Law Blog


So, you’re having some trouble with the IRS or the Department of Revenue.  They are challenging something(s) in your return, and now you are faced with hours of time and energy dealing with one or both of those offices.  Depending upon where you are in the process, you will likely work with an accountant, a tax attorney or both.  The purpose of this article is to provide an overview of the process, which is referred to as “tax controversy,” so you will have an idea of what to expect and can make wise, cost-effective decisions about how to proceed.

Let’s face it.  Once you receive notice of some problem with your return, your first thought is to get the controversy over with as quickly and inexpensively as possible, right? 

Of course you do.  You don’t have time for this.  The tax authorities know you do not have time or patience, and they may give you the quick and easy option, which is to just accept their changes and pay the assessment.

If you are okay with the proposed change(s), you may be better off taking this route.  If you are reading this article, however, you likely are unexcited about the price tag and/or you think the tax authority’s position is clearly wrong.

So, now you need to consider putting up some resistance.  Here are the stages.

  • Audit: 30-Day Letter

It starts with the examination phase.  The tax agent has flagged your return and sends a letter (i) stating the issues of concern, and (ii) requesting supporting documentation.  At this stage, things are ostensibly friendly.  You can send in the additional information, you can ask for a office/ phone conference with the reviewing tax agent, and/or you can discuss the matter with the examiner’s supervisor.[1]

 This is the first time you will have to consider working with a professional.  You definitely should make the accountant who prepared the return aware of the review without delay.  The accountant will tell you how much or how little he/she can do and the cost of the extra work.

Now, if the accountant made a mistake with the return, which is what caused the file to be flagged, then you might expect the assistance to be provided at minimal or no expense to you.  The question is whether or not you will know if it was the accountant’s mistake . . .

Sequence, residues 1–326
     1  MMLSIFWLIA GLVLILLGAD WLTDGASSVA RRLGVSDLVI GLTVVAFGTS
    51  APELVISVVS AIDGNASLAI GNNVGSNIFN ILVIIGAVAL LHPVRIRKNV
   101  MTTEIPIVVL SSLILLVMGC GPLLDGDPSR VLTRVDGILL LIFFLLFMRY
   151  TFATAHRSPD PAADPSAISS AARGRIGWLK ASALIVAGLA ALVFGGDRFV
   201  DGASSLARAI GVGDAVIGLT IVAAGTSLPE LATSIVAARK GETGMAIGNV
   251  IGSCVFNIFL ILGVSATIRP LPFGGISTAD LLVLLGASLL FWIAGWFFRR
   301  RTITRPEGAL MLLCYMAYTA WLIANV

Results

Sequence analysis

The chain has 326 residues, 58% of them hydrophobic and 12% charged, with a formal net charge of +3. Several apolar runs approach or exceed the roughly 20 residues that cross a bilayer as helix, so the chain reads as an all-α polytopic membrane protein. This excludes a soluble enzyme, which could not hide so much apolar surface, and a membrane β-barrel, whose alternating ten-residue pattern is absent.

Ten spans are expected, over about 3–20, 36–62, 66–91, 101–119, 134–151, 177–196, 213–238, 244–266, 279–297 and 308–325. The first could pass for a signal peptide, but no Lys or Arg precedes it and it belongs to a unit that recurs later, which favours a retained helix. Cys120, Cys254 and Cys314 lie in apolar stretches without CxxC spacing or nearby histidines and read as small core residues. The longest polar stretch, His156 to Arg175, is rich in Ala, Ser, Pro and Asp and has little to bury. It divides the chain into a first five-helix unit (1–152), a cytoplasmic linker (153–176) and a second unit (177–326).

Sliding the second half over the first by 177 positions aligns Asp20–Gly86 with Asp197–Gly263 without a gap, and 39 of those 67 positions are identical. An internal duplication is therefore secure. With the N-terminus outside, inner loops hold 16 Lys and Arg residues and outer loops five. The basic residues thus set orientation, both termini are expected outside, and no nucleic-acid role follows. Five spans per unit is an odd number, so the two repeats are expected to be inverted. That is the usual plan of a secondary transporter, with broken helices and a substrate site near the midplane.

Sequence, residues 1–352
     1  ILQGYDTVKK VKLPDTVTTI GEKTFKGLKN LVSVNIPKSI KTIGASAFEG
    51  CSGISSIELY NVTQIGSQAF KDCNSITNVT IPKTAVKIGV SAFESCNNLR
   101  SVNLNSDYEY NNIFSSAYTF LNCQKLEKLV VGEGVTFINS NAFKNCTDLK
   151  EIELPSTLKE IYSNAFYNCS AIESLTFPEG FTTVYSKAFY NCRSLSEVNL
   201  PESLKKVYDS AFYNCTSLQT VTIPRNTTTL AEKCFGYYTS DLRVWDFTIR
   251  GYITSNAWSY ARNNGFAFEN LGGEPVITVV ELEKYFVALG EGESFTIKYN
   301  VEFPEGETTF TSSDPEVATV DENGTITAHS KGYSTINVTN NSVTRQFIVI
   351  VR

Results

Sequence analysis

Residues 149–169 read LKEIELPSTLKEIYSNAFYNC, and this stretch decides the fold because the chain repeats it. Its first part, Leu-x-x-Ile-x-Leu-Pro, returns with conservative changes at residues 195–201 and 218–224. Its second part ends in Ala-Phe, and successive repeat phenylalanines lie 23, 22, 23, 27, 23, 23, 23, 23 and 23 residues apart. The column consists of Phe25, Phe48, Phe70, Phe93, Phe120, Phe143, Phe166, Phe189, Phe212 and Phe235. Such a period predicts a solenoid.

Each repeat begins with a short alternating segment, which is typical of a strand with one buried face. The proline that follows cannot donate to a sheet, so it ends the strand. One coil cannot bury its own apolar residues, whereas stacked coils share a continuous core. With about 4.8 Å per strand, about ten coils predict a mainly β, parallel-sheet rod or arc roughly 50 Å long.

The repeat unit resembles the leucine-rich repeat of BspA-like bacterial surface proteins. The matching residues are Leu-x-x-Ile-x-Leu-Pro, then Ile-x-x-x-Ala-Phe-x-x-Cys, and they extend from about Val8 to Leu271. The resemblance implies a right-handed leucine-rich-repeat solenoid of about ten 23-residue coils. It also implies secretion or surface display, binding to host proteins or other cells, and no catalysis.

You want to control the expense of this process, so do have that important conversation with your accountant and discuss the most expedient way to get it over with.  Just bear in mind some important limitations:

  • Your accountant is not an attorney.  None of your communications with the accountant are privileged.  Whatever you reveal to your accountant is “discoverable,” which means the IRS can force the accountant to disclose documentation you have provided and, even, the contents of discussions you have had.  There is no confidentiality.

 That is why a lot of accountants are reluctant to give tax advice—which only an attorney can do—or even delve too much into strategy decisions.  By and large, accountants prefer to be “bean-counters” who simply put the information you provide them into the correct forms.  It just makes sense.  They cannot afford to expose themselves to liability.

  • Flow of Information.   An attorney has the authority and expertise to determine what information can properly be withheld from the tax agent.  Naturally, you want to control the costs related to getting through the audit, but you should also give careful consideration to controlling the information provided to the tax authority.  Your accountant may want to turn over anything and everything and is probably not going to give you advice about the possible consequences of disclosing the information.  Even tax planning attorneys are typically unfamiliar with rules of evidence and procedure.  That is fair enough, they are not litigators.  They do not deal with that part of tax practice.

The suggestion here is not that you immediately seek out a tax litigator for representation in the tax controversy, but you do need to make a conscious risk-reward analysis.

If it appears you are in for a long haul, or that failing to control the flow of information will broaden the scope of the investigation—thereby opening the door to much greater liability—then you would certainly benefit from an initial consultation with an attorney before you start turning over documents to the tax agent.

In any event, you will go back and forth with the examining agent and either come to an agreement or not.  The agent will send you what is commonly referred to as a “30-Day Letter.”[2]  If you accept the terms in the letter, then the experience is over—for that year, at least—and you will be a little wiser in the future.

Then again, you may not reach an acceptable resolution.   In that case, you have an important decision to make.  Here are your options:

  1. Pay the assessment set forth in the 30-Day Letter, and then file a Claim For Refund;
  2. File a protest with the Appeals Office; or
  3. File a petition with the Tax Court.

Each choice has advantages and disadvantages, which will be explored in detail in the upcoming parts to this series.  For our purposes today, just be aware of the key stages of tax controversy and the decisions you must take during the examination phase.

~ Jeff Harrington, Esq.

International Attorney

[1] You probably also have the option to speak with an appeals officer, but that may be a bit premature at this stage.

[2] The document is formerly called the “Revenue Agent’s Report” or “RAR.”